On Sunday I drove from Surrey through the Hampshire countryside and down into the beautiful Test valley to attend my first Casting for Recovery retreat for women with breast cancer. The stifling heat and thunderstorms of the previous days were forgotten, replaced by glorious sunshine and a gentle breeze. I drew up at my destination, a fishing lodge beside a stream full of minnows keeping close to the bank. As I stepped out of the car, I caught sight of pairs of flyfishers dotted around the lake, one casting their line and the other giving advice and encouragement, pointing to the likely hiding place of fish.
I learned from Sue Shaw, who leads the Casting for Recovery programme in the UK, that Friday and Saturday had been spent tying flies, discovering all about the ecosystem of our rivers and lakes and getting to know the other women on the retreat. There had been time for yoga, a stroll through the grounds of the estate and coming together over shared meals and experiences. Now was the moment of truth; would anyone catch a fish? None need have worried as fish after fish, including a magnificent blue trout, was landed and bagged to be taken home, cooked and enjoyed; not before a fascinating look at the aquatic insects, crustaceans and worms the fish had been feeding on.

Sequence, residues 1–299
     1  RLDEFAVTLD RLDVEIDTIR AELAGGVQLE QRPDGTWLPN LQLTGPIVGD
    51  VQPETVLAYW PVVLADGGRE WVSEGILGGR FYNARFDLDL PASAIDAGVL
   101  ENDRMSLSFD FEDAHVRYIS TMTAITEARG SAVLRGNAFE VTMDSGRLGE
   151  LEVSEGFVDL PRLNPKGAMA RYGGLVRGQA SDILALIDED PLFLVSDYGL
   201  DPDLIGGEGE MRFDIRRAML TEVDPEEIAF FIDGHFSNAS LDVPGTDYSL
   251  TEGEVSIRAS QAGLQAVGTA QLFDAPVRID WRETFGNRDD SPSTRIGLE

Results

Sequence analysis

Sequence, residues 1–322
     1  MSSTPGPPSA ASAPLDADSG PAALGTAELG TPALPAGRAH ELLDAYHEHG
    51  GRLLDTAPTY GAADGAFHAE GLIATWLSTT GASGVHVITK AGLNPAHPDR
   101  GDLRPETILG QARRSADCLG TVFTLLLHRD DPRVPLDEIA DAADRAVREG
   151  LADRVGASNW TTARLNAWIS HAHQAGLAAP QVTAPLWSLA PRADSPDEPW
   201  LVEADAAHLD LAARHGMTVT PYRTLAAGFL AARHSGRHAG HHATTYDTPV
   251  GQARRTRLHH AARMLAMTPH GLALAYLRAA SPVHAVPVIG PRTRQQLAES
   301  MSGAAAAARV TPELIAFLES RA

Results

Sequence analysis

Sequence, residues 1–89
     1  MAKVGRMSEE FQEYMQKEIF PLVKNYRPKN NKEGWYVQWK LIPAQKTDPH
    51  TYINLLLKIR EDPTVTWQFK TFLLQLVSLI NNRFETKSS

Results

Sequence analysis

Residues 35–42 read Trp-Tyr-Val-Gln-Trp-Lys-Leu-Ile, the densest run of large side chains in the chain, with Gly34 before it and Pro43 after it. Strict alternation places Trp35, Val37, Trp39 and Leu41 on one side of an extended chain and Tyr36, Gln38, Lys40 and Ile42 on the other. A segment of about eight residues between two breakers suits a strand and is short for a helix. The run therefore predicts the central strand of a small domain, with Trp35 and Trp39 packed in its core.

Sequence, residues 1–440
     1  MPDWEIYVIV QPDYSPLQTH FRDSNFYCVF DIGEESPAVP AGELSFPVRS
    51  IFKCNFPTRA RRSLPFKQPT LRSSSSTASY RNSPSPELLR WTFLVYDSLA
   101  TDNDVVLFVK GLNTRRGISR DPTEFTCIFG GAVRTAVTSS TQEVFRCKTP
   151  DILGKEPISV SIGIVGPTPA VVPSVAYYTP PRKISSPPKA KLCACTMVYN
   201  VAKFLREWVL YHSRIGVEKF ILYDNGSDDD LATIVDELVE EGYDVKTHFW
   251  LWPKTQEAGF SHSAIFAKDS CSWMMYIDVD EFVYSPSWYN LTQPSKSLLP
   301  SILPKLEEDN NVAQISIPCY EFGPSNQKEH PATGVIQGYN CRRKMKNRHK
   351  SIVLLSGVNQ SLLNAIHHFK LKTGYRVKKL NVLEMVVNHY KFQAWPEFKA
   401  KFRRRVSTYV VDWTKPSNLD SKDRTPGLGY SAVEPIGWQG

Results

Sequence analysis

What a fantastic day we all had at the beautiful Kimbridge on the Test Estate. All 12 ladies caught fish and some of the trout were taken home for supper
We wandered over for lunch at one of the houses on the estate so generously lent to us for the weekend by our host and sat down together, women, coaches, volunteers and medical staff, to a delicious lunch. Happy chatter filled the room with the most important topic being who had won the £12 sweepstake for the heaviest fish landed. At 4 ¼ Lb there were cheers and applause for the proud fly fisher. As we talked over lunch I heard about their personal stories, each unique but with breast cancer in common. They had all come together, as one of the women described it, to this wonderful house party where I don’t have to explain myself, I can get away from it all and just concentrate on the cast, the fish and the peaceful surroundings. Ages ranged from women in their thirties to women in their seventies, from all backgrounds and from across the country. Some had come under their own steam and others had been driven down by family so they could conserve their energy for the fish.
Without exception, every woman expressed deep gratitude and thanks to the Casting for Recovery team for the opportunity to learn how to flyfish and share time with others. For some it was the beginning of a new passion and one they could share with family and friends. I came away inspired by their enthusiasm and zest for life, determined to do my bit to ensure that Casting for Recovery is able to hold many more retreats and offer women with breast cancer the chance to spend a weekend where their only focus is on the fish and new friends.